What's the difference between i.e. and e.g.?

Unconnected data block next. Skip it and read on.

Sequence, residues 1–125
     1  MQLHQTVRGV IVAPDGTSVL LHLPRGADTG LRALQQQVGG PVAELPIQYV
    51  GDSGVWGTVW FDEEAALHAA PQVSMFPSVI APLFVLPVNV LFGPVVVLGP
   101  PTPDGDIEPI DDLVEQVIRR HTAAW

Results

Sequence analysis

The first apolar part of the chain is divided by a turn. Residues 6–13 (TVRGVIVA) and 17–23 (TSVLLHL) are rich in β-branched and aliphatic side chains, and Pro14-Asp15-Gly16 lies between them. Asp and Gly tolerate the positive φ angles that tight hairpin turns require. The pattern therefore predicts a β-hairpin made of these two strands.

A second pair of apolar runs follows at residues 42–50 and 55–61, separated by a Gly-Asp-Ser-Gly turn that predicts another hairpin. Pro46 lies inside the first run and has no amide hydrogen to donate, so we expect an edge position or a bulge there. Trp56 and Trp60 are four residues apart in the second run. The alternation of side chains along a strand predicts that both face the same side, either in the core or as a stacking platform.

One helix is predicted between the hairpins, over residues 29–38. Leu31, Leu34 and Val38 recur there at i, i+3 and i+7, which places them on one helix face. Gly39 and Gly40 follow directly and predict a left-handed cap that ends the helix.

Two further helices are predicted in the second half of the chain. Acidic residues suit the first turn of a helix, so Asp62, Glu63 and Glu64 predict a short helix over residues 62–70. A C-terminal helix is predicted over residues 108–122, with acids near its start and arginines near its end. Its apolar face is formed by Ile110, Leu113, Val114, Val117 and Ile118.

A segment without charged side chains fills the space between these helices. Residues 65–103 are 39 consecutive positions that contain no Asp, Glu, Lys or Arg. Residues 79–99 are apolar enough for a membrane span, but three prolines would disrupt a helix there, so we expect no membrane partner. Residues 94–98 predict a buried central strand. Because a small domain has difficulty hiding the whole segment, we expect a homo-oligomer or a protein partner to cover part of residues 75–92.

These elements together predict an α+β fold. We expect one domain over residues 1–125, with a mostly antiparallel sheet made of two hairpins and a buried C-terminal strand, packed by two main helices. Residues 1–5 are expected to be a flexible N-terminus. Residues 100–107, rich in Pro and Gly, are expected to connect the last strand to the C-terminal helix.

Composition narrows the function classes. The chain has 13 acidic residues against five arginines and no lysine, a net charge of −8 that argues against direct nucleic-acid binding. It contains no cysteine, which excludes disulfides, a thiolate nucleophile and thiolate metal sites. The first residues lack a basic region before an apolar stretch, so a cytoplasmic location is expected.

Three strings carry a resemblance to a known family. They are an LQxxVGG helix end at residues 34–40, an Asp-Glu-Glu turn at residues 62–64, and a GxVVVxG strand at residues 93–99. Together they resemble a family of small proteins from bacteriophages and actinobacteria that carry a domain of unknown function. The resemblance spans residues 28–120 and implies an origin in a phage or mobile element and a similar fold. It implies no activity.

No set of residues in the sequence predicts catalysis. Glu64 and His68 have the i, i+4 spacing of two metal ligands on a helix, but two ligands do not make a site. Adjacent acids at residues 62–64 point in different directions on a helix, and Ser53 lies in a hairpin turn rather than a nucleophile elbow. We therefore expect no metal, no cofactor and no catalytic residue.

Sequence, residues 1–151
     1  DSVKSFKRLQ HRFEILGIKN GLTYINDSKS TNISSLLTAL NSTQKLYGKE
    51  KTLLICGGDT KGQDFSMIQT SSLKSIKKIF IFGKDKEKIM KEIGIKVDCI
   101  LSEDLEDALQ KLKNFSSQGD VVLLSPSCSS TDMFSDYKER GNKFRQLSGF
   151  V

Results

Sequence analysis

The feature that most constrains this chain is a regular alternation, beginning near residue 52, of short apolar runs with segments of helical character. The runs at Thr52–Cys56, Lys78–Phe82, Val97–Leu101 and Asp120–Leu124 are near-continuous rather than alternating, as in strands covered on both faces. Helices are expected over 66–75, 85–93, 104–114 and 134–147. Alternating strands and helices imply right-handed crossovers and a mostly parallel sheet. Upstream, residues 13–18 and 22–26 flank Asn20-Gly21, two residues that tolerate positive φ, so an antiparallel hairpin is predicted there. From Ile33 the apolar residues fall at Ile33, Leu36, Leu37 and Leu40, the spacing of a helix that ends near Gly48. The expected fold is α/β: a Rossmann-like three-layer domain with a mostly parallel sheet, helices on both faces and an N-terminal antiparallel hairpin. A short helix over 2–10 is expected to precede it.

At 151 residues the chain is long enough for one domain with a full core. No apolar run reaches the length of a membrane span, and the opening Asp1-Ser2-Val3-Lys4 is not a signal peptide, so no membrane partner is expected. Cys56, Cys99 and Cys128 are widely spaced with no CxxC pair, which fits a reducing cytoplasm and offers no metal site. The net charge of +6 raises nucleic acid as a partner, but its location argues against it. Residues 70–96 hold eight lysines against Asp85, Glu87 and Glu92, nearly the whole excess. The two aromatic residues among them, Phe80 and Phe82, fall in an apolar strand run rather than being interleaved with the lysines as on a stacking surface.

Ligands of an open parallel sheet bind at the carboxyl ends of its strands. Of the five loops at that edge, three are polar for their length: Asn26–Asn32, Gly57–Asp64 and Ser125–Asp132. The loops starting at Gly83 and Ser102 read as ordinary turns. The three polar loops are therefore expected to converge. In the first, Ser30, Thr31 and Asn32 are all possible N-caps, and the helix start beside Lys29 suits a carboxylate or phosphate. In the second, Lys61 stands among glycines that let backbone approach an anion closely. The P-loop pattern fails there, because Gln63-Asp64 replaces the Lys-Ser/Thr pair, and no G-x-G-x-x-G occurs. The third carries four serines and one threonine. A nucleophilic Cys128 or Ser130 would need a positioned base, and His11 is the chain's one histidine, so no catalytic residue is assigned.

mid-14c., "having the same parents," derived from german (adj.); cf. human/humane, urban/urbane. Main modern sense of "closely connected, relevant" (c.1600) derives from use in "Hamlet" Act V, Scene ii: "The phrase would bee more Germaine to the matter: If we could carry Cannon by our sides," which is a figurative use of the word in the now-obsolete sense of "closely related, akin" (late 15c.) in reference to things, not persons.